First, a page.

No turning back: Britain launches EU exit process

British Prime Minister Theresa May - her eyes on the two-year countdown until the deadline for Britain's ultimate exit - had called for divorce talks and negotiations on a new trade deal to proceed simultaneously.

Britain filed for divorce from the European Union on Wednesday, with fond words and promises of friendship that could not disguise the historic nature of the schism - or the years of argument and hard-nosed bargaining ahead as the United Kingdom leaves the embrace of the bloc for an uncertain future as "global Britain".

Ms May was speaking in Parliament as Britain's Ambassador to the EU Sir Tim Barrow personally passed the letter to Mr Tusk in Brussels at 12.20pm.

In an interview with BBC Radio, Chancellor Philipp Hammond said Brexit was an "exciting time" and a chance to "put the divisions of the past behind us", adding: "This is a pivotal moment for Britain".

But the grief quickly gave way to the harsh realities of the European negotiating table, as Ms Merkel poured cold water on one of her British counterpart's key demands.

Many have insisted Britain must first make good on a divorce settlement that will include it settling outstanding financial commitments, the European Union has advanced a ballpark figure of €60bn, agreeing new border arrangements and clarifying the rights of European Union expatriates on either side of the new frontier.

But, the prime minister continues, "there shouldn't be a reason why we can not create a new, deep and special partnership between the United Kingdom and the European Union that works for all of us".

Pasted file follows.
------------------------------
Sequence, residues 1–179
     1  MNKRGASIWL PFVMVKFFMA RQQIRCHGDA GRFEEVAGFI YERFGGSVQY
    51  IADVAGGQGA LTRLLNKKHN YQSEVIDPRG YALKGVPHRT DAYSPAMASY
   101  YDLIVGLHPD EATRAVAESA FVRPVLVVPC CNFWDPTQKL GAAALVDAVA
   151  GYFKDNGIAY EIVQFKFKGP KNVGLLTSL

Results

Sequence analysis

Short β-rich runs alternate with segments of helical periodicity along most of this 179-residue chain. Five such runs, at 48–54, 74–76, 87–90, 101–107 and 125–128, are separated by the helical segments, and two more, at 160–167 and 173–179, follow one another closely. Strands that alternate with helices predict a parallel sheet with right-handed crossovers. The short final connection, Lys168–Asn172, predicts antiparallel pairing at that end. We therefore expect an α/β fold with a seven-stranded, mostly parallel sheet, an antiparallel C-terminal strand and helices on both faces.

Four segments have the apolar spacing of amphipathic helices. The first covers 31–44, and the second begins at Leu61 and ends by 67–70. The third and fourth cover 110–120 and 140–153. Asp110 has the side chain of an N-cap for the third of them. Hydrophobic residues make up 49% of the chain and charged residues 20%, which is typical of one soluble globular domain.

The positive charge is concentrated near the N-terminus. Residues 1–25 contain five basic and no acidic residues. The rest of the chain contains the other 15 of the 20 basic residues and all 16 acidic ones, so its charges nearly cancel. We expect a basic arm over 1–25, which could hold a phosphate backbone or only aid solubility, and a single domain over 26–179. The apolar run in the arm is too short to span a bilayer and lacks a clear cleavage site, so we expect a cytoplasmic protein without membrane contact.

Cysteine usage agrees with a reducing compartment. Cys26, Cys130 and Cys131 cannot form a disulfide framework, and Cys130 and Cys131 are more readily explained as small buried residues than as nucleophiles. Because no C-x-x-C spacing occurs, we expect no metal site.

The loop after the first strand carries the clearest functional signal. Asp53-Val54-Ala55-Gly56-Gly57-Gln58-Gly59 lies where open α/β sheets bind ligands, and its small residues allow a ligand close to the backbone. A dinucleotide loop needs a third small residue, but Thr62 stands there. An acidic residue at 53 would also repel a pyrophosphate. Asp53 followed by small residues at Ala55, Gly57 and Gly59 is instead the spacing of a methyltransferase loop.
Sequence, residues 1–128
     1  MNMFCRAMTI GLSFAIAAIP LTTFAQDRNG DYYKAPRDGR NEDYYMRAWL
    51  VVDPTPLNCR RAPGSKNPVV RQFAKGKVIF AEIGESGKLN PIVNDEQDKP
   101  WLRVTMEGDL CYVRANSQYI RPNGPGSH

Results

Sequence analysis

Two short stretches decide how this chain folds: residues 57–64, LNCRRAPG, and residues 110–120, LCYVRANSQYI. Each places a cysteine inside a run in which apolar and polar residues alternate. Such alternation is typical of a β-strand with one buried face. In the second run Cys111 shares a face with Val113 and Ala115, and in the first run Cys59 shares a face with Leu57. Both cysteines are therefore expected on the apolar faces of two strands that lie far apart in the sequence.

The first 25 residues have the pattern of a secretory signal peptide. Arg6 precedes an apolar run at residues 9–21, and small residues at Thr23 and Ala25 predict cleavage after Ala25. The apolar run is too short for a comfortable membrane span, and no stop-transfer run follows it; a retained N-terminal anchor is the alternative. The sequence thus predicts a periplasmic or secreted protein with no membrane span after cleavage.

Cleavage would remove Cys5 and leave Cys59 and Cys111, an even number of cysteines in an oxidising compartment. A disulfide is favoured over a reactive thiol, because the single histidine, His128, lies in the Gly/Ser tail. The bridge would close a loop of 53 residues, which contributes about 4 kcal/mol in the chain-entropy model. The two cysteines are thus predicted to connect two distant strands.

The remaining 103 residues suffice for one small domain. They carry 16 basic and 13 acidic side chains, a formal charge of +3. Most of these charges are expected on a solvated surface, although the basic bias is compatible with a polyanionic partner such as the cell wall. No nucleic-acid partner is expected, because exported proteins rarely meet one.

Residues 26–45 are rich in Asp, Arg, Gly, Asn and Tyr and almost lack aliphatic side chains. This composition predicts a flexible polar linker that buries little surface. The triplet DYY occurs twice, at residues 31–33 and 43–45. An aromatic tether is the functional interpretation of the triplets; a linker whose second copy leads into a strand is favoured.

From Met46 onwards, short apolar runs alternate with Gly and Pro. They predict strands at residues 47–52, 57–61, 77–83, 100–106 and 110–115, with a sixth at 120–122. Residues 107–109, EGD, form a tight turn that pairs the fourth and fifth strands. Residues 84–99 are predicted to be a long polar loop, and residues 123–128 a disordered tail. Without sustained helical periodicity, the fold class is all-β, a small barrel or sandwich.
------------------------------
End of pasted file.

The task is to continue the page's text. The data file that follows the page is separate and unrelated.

The Brexit negotiator continued to attack Mrs May when he appeared on Good Morning Britain earlier today.

Underlining the importance of quickly obtaining clarity on the negotiation process, Schaefer emphasized that "uncertainty is poison for the people - the EU citizens, Germans who live in Britain and what their future status would be, likewise for British citizens living in the European Union".

That means Britain may be pushed into agreeing to settle its financial "obligations" to Brussels, which may reach €60bn by some estimates, before it can begin to talk about a trade deal that will help secure the country's economic future.

Davis said he had spent the afternoon on the phone to European and EU ministers, who had complimented the tone of the letter.

In her Article 50 letter, the Prime Minister warned the European Union that a failure to reach a comprehensive settlement would lead to a weakening of co-operation in the fight against crime and terrorism.

Spanish Prime Minister Mariano Rajoy and the leaders of France, Italy, Portugal, Greece, Cyprus and Malta will gather on 10 April at El Pardo palace outside Madrid, his office said on its website. - Manfred Weber, head of European People's Party (EPP), the biggest group in the European Parliament.

However, key financial services, such as euro clearing, are said to be more likely to shift to NY rather than Dublin, Frankfurt or Paris, according to a report by the House of Lords EU financial affairs sub-committee.

Lurking over the trade talks is the prospect of no deal, known as "hard Brexit", a legal void that most observers believe could have grave consequences for Britain, but also the EU.

Members of the European Parliament want citizens rights to be discussed at the beginning, fearing their rights could otherwise be used as bargaining chips during the negotiations.

"The security of the citizens is so important, the fight against terrorism is so crucial, that you can not negotiate with something else".

She said that both sides "are faced with the same global threats of terrorism and extremism".

Earlier, Amber Rudd, the home secretary, said that no threat was being issued by the United Kingdom and that trade and security talks were separate, but she added that security cooperation was a reality of European Union membership and would need to be negotiated after Brexit.

  • Leroy Wright